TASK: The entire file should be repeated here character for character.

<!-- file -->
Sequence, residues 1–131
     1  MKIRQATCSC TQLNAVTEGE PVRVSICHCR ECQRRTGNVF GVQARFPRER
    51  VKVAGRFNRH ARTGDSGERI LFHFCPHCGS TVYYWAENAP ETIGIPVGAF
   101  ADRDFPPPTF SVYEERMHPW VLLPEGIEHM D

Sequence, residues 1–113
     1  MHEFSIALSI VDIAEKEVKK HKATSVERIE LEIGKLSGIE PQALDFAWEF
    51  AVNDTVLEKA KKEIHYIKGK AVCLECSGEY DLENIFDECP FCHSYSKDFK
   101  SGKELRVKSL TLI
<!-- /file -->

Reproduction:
Sequence, residues 1–131
     1  MKIRQATCSC TQLNAVTEGE PVRVSICHCR ECQRRTGNVF GVQARFPRER
    51  VKVAGRFNRH ARTGDSGERI LFHFCPHCGS TVYYWAENAP ETIGIPVGAF
   101  ADRDFPPPTF SVYEERMHPW VLLPEGIEHM D

Sequence, residues 1–113
     1  MHEFSIALSI VDIAEKEVKK HKATSVERIE LEIGKLSGIE PQALDFAWEF
    51  AVNDTVLEKA KKEIHYIKGK AVCLECSGEY DLENIFDECP FCHSYSKDFK
   101  SGKELRVKSL TLI